How to Protect Hawaiʻi’s Companies from Cyberattacks
Thursday, January 1, 1970, 8:30 am – 10:30 am
The phishing emails that clutter our inboxes are becoming more refined and harder to detect and are being joined by hacks on our social media, phones and other devices, said a panel of cybersecurity experts.
“The theme is sophistication,” said Gary Barnabo, senior associate of the international cyber strategy team at Booz Allen Hamilton. “A lot of what you read about in the media is the volume of cyberattacks, but we worry about the networks of criminals that are pulling together very elaborate multi-layered attacks,” using artificial intelligence to learn which attacks are most successful and apply them to similar businesses.
The experts spoke at a Hawaii Business Magazine event on Thursday called “Preventing: “You’ve Been Hacked!” The breakfast event was held at the Salvation Army Kroc Center in Ewa Beach.
Other panelists were Loren Aquino, President and COO of HI Tech Hui; Derek Gabriel, cofounder & CEO of Ignite Solutions Group; Vincent Hoang, the State of Hawaii’s chief information security officer and Michael Miranda, associate professor of information security at UH West O‘ahu.
The good news is that are steps businesses and companies can take to greatly reduce their risk. Among the suggestions from the panelists:
- Keep your business and personal equipment separate, such as a having two routers at home: one for the family and the other strictly for business. That way if one of your children’s social media or other accounts are hacked, your business records and clients’ data is safe.
- Hoang advised the audience to focus on the three Ps: passwords, phishing and patching.
- Create long and unique passwords for every account and use multifactor authentication whenever possible.
- Multi-factor authentication often requires you to use a code sent to your smartphone when you try to log into a website. A recent Google report said 99% of the attacks launched against its G Suite customers were blocked with multi-factor authentication, Hoang says.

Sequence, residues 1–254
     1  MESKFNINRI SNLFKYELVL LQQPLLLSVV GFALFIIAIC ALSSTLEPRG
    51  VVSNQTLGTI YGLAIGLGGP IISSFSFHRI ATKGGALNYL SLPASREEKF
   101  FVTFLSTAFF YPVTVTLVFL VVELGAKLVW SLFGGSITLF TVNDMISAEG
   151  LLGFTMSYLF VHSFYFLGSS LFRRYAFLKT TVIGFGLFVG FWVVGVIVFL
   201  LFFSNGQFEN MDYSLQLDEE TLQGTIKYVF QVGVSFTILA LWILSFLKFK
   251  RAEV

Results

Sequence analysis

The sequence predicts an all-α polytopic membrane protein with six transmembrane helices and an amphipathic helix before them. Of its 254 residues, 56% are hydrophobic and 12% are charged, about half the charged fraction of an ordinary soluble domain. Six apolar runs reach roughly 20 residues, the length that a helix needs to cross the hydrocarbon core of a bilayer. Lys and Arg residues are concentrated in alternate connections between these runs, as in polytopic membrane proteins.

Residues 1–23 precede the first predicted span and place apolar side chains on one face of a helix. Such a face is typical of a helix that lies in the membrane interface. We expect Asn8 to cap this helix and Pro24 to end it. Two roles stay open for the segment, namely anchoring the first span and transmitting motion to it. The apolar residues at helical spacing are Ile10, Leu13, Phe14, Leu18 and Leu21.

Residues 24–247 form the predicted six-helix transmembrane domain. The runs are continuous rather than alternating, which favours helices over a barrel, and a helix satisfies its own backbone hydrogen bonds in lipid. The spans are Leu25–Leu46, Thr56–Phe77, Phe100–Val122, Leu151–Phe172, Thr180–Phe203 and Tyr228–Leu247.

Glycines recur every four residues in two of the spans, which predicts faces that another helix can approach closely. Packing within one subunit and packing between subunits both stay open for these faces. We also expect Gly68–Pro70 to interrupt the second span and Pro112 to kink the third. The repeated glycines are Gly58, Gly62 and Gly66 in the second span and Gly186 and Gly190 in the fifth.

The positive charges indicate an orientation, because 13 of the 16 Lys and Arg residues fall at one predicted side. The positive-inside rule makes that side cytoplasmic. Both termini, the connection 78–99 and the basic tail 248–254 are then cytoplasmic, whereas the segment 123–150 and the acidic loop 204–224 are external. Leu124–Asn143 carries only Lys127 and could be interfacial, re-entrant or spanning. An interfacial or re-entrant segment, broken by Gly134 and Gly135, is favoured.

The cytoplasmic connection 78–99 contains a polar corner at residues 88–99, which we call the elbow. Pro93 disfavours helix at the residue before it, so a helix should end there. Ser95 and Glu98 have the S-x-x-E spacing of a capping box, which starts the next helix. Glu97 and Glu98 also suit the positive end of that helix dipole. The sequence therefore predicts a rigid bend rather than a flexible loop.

- Patching means promptly doing all the upgrades to your software. And, he said, the best tool to fight against phishing is your engaged and cautious mind.
- Spend a little extra money on an Office 365 or G Suite subscription, which are not expensive yet provide more cyber protection than free or almost free services. Miranda said such paid email services with anti-malware settings can cost as little as $5 a month; free accounts don’t offer the same protections.
The bottom line, Aquino said, is that “anyone can get hacked.” Small businesses are just as vulnerable as larger organizations, and it only takes one convincing email or call to compromise an entire system.
Unfortunately, Aquino said, it is not a matter of if but when you will experience an attempted data breach. Everyone on your team should be prepared. Gabriel said one of the biggest impediments to cybersecurity is human error, so companies should have policies to prevent these issues and handle them if they happen.
If your system is hacked, getting out in front of the problem is crucial. The panel agreed that a company should admit the problem, do its best to alert clients whose data may have been compromised and actively work to resolve the problems. And be aware of your legal responsibilities: state law requires business of any size to report data breaches to law enforcement or face fines.
Most of all, seek expert IT and cybersecurity advice. After all, “You wouldn’t try to do your own books without a CPA,” Aquino said.
Gabriel listed two of the ways that phishing has become more sophisticated:
- Spear Phishing: The criminal hackers will gather data about you, your associates and your business from public sources like the company’s website or LinkedIn. They use this information to craft messages that look like they are coming from a trusted source and contain malicious links or requests.
- Whaling: Attacks directed at C-suite executives. Because these scams are intended for senior members of an organization, they have the potential to be even more destructive than normal spear phishing. The panelists said some of these emails are so sophisticated that the fake logos and signatures are virtually indistinguishable from the real thing.